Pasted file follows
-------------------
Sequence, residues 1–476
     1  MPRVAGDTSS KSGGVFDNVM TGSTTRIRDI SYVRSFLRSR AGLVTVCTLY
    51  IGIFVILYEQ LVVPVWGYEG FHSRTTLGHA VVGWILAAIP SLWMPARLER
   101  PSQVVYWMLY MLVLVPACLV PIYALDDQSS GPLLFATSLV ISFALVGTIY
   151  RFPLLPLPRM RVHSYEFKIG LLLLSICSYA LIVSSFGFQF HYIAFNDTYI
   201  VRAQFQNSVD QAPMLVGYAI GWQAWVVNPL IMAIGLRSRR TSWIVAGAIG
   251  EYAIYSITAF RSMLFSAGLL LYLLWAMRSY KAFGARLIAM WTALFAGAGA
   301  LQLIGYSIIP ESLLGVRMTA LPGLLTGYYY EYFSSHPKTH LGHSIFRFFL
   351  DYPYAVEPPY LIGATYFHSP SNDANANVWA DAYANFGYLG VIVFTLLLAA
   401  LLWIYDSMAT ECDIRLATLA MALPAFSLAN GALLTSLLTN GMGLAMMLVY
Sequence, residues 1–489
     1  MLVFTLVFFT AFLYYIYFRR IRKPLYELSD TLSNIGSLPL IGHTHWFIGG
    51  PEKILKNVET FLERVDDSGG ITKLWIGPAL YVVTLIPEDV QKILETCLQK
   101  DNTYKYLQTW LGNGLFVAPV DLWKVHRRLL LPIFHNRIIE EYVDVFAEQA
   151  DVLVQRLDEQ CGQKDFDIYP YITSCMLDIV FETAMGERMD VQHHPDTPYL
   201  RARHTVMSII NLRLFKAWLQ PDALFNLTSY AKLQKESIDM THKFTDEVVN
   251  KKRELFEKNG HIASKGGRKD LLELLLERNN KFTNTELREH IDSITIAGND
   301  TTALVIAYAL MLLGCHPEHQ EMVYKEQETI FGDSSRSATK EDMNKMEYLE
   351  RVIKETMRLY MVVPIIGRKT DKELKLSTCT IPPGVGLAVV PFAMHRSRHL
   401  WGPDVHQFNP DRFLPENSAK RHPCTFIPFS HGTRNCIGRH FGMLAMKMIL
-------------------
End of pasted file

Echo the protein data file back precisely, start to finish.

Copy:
Sequence, residues 1–476
     1  MPRVAGDTSS KSGGVFDNVM TGSTTRIRDI SYVRSFLRSR AGLVTVCTLY
    51  IGIFVILYEQ LVVPVWGYEG FHSRTTLGHA VVGWILAAIP SLWMPARLER
   101  PSQVVYWMLY MLVLVPACLV PIYALDDQSS GPLLFATSLV ISFALVGTIY
   151  RFPLLPLPRM RVHSYEFKIG LLLLSICSYA LIVSSFGFQF HYIAFNDTYI
   201  VRAQFQNSVD QAPMLVGYAI GWQAWVVNPL IMAIGLRSRR TSWIVAGAIG
   251  EYAIYSITAF RSMLFSAGLL LYLLWAMRSY KAFGARLIAM WTALFAGAGA
   301  LQLIGYSIIP ESLLGVRMTA LPGLLTGYYY EYFSSHPKTH LGHSIFRFFL
   351  DYPYAVEPPY LIGATYFHSP SNDANANVWA DAYANFGYLG VIVFTLLLAA
   401  LLWIYDSMAT ECDIRLATLA MALPAFSLAN GALLTSLLTN GMGLAMMLVY
Sequence, residues 1–489
     1  MLVFTLVFFT AFLYYIYFRR IRKPLYELSD TLSNIGSLPL IGHTHWFIGG
    51  PEKILKNVET FLERVDDSGG ITKLWIGPAL YVVTLIPEDV QKILETCLQK
   101  DNTYKYLQTW LGNGLFVAPV DLWKVHRRLL LPIFHNRIIE EYVDVFAEQA
   151  DVLVQRLDEQ CGQKDFDIYP YITSCMLDIV FETAMGERMD VQHHPDTPYL
   201  RARHTVMSII NLRLFKAWLQ PDALFNLTSY AKLQKESIDM THKFTDEVVN
   251  KKRELFEKNG HIASKGGRKD LLELLLERNN KFTNTELREH IDSITIAGND
   301  TTALVIAYAL MLLGCHPEHQ EMVYKEQETI FGDSSRSATK EDMNKMEYLE
   351  RVIKETMRLY MVVPIIGRKT DKELKLSTCT IPPGVGLAVV PFAMHRSRHL
   401  WGPDVHQFNP DRFLPENSAK RHPCTFIPFS HGTRNCIGRH FGMLAMKMIL